Will AI Replace Human Creativity?

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AI has become the new buzzword that has been applied to anything and everything. You can’t attend trade shows without seeing AI attached to labels such as AI apps, AI-enhanced coffee, and AI influenced healthcare, etc. As of recent, AI has been in transition mode. It has moved from merely a “hype label” to something of reality. Some are even calling it the AI-driven “fourth industrial revolution.” On today’s show, I am going to be discussing AI and how it can be applied and used in innovation.

AI

AI Innovation

Innovation and creation come from our learnings and experiences. With every new creation comes inspiration from something else. Edison didn’t invent the lightbulb; he perfected it. Einstein was inspired by physicists that went before him. So what is the difference between AI invented and AI-inspired? Input and experience play a key role. For AI, that comes in the form of the “training data” supplied to the system to recognize patterns and identify the best solutions. Training data is critically important and allows AI to do what it does. It is part of an element called machine learning, which has historically applied to games like chess and go. It was initially thought that humans had a unique advantage at these kinds of things. Here are a few examples that may prove otherwise:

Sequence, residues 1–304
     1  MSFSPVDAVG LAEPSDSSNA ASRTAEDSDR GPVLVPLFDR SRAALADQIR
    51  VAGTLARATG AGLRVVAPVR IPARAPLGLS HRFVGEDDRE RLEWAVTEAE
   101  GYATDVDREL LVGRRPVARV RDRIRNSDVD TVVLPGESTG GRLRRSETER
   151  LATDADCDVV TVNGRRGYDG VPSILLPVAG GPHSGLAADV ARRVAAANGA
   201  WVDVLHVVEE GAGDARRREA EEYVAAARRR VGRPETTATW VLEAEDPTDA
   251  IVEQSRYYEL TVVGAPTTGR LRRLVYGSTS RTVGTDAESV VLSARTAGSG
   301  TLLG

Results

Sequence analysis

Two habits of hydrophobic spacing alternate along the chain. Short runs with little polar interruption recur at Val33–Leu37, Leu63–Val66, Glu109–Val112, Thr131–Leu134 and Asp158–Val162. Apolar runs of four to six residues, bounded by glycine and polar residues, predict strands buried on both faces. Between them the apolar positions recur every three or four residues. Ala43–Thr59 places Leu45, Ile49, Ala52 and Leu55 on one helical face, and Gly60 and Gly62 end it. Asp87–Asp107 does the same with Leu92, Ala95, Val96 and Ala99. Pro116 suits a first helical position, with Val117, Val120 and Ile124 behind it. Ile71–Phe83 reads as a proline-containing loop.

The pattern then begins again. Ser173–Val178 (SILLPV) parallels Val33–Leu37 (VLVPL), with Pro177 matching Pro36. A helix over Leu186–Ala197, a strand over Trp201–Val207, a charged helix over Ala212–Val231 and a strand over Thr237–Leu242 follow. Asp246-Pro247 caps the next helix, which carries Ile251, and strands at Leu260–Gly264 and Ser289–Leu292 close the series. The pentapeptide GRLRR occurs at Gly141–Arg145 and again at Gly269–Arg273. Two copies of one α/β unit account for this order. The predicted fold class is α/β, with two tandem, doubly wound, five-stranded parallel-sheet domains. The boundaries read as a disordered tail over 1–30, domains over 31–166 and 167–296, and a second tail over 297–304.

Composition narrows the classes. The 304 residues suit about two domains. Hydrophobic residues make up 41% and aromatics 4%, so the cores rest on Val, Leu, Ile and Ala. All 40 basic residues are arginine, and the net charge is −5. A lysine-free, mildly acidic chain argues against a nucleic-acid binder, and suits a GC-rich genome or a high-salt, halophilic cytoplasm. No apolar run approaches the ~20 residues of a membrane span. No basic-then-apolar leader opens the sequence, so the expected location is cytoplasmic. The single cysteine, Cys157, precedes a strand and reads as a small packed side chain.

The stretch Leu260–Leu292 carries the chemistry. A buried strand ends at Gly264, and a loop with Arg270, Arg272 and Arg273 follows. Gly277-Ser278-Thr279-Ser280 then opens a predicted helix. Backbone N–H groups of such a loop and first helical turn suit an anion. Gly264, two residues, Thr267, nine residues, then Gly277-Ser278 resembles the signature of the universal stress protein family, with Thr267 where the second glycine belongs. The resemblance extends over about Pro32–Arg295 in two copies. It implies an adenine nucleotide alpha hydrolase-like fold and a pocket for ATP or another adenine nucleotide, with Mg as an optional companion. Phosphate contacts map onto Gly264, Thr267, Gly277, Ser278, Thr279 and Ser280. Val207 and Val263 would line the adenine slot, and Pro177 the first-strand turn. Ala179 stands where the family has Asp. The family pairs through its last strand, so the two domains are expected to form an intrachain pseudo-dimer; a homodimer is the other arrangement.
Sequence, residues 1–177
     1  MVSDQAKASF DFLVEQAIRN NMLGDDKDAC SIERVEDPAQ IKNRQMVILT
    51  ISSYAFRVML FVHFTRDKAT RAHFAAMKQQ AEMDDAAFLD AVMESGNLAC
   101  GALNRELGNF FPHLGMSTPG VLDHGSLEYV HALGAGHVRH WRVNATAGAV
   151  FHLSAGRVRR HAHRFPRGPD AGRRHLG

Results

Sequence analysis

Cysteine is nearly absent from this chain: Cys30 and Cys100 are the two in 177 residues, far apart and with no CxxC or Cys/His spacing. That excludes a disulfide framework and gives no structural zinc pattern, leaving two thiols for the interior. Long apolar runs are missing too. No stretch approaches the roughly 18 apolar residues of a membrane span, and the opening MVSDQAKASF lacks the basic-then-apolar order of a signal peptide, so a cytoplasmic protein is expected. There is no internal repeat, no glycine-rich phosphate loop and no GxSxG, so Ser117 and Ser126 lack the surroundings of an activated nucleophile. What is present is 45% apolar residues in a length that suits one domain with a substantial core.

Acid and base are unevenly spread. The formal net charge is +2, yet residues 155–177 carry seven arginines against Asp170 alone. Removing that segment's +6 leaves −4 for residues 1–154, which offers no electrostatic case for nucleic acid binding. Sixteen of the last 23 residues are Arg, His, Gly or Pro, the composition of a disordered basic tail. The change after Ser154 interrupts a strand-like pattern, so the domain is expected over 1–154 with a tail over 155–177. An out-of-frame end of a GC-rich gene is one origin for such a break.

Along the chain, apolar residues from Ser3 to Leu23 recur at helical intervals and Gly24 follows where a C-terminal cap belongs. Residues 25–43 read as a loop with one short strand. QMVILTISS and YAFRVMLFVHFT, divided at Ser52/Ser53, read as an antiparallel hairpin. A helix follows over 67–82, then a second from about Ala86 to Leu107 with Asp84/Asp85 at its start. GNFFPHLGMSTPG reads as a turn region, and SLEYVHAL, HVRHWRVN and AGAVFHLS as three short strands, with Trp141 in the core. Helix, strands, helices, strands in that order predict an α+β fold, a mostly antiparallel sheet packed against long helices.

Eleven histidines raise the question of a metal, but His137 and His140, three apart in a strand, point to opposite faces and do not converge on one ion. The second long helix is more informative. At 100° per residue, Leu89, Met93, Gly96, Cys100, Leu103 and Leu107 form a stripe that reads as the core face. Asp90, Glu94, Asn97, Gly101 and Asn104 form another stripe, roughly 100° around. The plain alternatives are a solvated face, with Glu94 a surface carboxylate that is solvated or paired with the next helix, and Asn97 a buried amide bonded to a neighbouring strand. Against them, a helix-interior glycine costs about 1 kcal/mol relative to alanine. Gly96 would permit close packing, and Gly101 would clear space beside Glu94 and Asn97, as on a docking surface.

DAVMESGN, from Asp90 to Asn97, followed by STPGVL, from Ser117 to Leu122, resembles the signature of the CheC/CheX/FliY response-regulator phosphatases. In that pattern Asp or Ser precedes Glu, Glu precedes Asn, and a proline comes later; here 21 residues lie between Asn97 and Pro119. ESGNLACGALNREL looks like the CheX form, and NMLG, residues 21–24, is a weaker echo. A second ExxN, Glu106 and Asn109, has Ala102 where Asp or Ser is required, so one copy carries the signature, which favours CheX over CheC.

• Deep Blue’swin over Chess champion Garry Kasparov. It took multiple attempts, but the robot's skill evolved after a while.
  • IBM Watson’sJeopardy win over human trivia kings.
  • Google DeepMind’s Go-playing bot’s win against a Korean grandmaster. The top player has retired, saying that a human will never be better than a computer at Go.

Is this proof that AI is becoming smarter than humans? It depends on how you define smart. Do you define it by IQ number, critical thinking skills, or memorization? What makes humans smart? Let’s not move too fast here. In the case of chess, the key is to recognize patterns and to be able to look at the number of steps ahead. These are two skills that computers have become quite good at using machine learning. So is that the definition of smart?

There is no doubt that AI will make an impact. Will it have an impact on innovation? If so, how will it be manifested? In what ways can we use AI to support our innovation endeavors? Are you ready to jump in?

AI and Creativity

One example of AI is in the writing of stories for Associated Press

AP uses deep learning in its Wordsmith tool to generate millions of news stories for financial services and sports, outpacing the output of all major media companies combined. Wordsmith has been trained on articles written by others that were redeemed as “good.” It plans to offer medium-specific stories, such as those published online and read on the air by newscasters, publication-specific stories separately tailored for publications like the New York Times and Buzzfeed. The question I ask myself is, could they write the script for my show? Not really, because my show isn’t triggered by press releases, and based on a specific style. So what is the downside of this? No one is reading the press release to validate it manually.

One of my hobbies is to write instrumental music I use during ideation and brainstorming workshops. They recently came out with an experimental AI plugin from Magenta Studio. I’ve been experimenting with it to see if it can be a tool to help me create better instrumentals